Man swims through rough seas to get help as woman clings to capsized catamaran off Hervey Bay
A volunteer marine rescue crew towed the vessel back to shore. (Supplied: Marine Rescue Hervey Bay)
A woman who could not swim was forced to cling to the hull of a capsized boat for hours while her companion swam through rough waters near Hervey Bay to raise the alarm.
The pair, aged in their fifties, was on board a small catamaran that overturned off the coast of Point Vernon on Sunday afternoon.
Emergency services received the distress call about an hour-and-a-half later after a man swam up to a kilometre to shore.
Vice commodore Jill Barclay from the Volunteer Marine Rescue said the boatie had done well to make it through rough seas.
The man swam up to a kilometre back to shore through rough seas. (Supplied: Marine Rescue Hervey Bay)
“It could have been anywhere between 500 metres and a kilometre back to shore, so quite a substantial swim for the person to get back to shore to raise the alarm,” she said.
“The vessel was probably drifting with the wind and the tide — sea conditions were actually quite rough at the time out there as well.”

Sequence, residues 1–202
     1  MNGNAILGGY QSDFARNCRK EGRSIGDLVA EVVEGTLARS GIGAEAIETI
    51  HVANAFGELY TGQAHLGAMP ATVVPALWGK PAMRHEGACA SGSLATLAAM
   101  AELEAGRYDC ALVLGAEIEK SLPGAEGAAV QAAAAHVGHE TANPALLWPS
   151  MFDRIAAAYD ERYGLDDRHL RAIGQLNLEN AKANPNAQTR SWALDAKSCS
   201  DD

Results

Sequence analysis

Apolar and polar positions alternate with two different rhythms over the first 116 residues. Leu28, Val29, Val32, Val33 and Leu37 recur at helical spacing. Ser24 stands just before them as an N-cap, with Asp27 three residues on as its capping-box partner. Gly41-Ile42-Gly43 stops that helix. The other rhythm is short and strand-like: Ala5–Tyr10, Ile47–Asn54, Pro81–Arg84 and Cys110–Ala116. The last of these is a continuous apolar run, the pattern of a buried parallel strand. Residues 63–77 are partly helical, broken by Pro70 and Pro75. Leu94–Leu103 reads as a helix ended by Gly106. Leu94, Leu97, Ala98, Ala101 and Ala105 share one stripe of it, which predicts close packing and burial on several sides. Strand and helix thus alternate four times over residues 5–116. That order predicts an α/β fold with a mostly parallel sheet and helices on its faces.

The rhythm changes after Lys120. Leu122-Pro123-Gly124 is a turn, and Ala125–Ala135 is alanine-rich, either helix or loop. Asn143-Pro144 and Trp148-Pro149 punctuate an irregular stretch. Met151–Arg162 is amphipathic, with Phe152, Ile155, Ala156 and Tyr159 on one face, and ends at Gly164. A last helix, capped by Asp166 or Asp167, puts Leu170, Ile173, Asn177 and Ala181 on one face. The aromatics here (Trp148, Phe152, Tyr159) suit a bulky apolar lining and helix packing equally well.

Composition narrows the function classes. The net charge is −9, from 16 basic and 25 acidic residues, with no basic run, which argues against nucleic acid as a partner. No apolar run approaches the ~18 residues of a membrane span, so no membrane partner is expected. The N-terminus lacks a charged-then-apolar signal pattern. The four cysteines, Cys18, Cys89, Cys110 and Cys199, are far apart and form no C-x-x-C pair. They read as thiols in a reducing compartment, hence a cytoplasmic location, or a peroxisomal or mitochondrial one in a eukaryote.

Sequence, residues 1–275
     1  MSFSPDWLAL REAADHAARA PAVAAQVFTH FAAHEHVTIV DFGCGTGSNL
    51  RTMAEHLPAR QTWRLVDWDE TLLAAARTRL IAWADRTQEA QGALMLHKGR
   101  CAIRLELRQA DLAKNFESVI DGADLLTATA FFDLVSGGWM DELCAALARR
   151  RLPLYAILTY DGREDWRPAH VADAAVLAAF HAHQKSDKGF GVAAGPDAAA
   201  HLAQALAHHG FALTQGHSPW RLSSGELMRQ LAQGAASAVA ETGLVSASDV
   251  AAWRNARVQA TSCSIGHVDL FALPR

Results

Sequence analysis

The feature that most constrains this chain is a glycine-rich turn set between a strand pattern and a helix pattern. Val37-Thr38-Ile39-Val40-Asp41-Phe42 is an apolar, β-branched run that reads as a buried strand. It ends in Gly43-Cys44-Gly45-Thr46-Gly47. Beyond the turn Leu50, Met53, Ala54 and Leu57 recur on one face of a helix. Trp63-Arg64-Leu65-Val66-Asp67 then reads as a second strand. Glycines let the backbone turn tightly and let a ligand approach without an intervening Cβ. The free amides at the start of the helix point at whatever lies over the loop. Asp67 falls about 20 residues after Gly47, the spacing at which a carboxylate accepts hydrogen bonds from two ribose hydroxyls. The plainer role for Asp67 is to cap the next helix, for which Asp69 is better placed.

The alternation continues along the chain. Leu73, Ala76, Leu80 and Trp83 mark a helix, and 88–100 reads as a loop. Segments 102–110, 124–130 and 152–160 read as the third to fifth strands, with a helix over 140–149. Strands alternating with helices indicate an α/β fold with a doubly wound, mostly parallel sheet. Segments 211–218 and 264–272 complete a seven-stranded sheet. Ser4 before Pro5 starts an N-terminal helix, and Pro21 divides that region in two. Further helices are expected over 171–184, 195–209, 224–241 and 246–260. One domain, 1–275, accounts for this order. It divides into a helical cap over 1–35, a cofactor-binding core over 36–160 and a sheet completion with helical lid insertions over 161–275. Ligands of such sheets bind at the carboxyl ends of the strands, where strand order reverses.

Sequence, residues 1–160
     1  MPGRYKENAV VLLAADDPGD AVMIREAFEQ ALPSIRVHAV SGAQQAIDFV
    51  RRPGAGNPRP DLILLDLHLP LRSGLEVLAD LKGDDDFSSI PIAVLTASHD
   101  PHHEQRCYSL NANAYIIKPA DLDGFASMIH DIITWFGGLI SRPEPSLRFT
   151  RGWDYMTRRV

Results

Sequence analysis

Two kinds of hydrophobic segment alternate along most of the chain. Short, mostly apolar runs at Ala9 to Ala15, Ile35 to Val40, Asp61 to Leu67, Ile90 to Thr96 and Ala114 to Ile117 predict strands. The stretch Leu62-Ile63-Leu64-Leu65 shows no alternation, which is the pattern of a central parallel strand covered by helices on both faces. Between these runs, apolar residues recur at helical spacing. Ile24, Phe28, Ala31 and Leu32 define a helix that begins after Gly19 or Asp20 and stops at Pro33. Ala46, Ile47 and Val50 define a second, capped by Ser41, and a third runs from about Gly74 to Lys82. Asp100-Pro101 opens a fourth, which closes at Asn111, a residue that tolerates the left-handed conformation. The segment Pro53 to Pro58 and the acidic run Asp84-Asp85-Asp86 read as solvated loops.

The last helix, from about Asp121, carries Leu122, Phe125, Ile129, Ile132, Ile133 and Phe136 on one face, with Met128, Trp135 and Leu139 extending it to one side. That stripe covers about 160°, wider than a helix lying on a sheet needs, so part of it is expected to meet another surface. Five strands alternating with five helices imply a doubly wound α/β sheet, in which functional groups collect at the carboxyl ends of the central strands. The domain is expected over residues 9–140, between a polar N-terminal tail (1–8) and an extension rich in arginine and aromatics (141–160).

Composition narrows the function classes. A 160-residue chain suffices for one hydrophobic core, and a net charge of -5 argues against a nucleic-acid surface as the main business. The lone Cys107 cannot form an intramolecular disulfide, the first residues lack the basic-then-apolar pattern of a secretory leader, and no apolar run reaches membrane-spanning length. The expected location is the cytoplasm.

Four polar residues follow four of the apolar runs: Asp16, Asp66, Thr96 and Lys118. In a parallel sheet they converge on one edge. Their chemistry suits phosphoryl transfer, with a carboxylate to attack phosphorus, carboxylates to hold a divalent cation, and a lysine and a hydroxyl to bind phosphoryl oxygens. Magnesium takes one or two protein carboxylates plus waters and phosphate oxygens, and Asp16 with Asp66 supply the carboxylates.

Ms Barclay said a rescue crew was dispatched and the 57-year-old woman, Tasha Irvine, was found clinging to the boat a short time later.
“As you’d expect after being out there for that length of time, [she was] in a bit of a distressed state,” she said.
Volunteer Marine Rescue described the operation as “a challenging mission”. (Supplied: Marine Rescue Hervey Bay)
“We did call an ambulance and took her to hospital as well just to get her checked out.”
Hervey Bay Water Police officer-in-charge Paul Bacon said there had been serious concerns for the woman’s safety.
He said the vessel could quite likely have sunk in the time it took rescue services to arrive at the scene.
“I think the whole situation having someone left on the boat, having to swim for help, would be quite a significant shock to the system,” he said.
“They’ve done extremely well to make it into shore but I suppose to a certain extent, planning with that, having safety equipment on board, life jackets, certainly aided in the successful outcome.”
Ms Irvine took to Facebook to thank the rescue crew for coming to her aid.
“I am very proud and very, very grateful to all involved — I am alive today because of your awesome efforts,” she wrote.
“Suffice it to say my boating days are over, even as a passenger, but again thank you all so very, very much.”
The rescue boat returned to the catamaran and towed it back to the Gatakers boat ramp.
In a Facebook post, the Volunteer Marine Rescue described the operation as “a challenging mission … given the weather and circumstances”.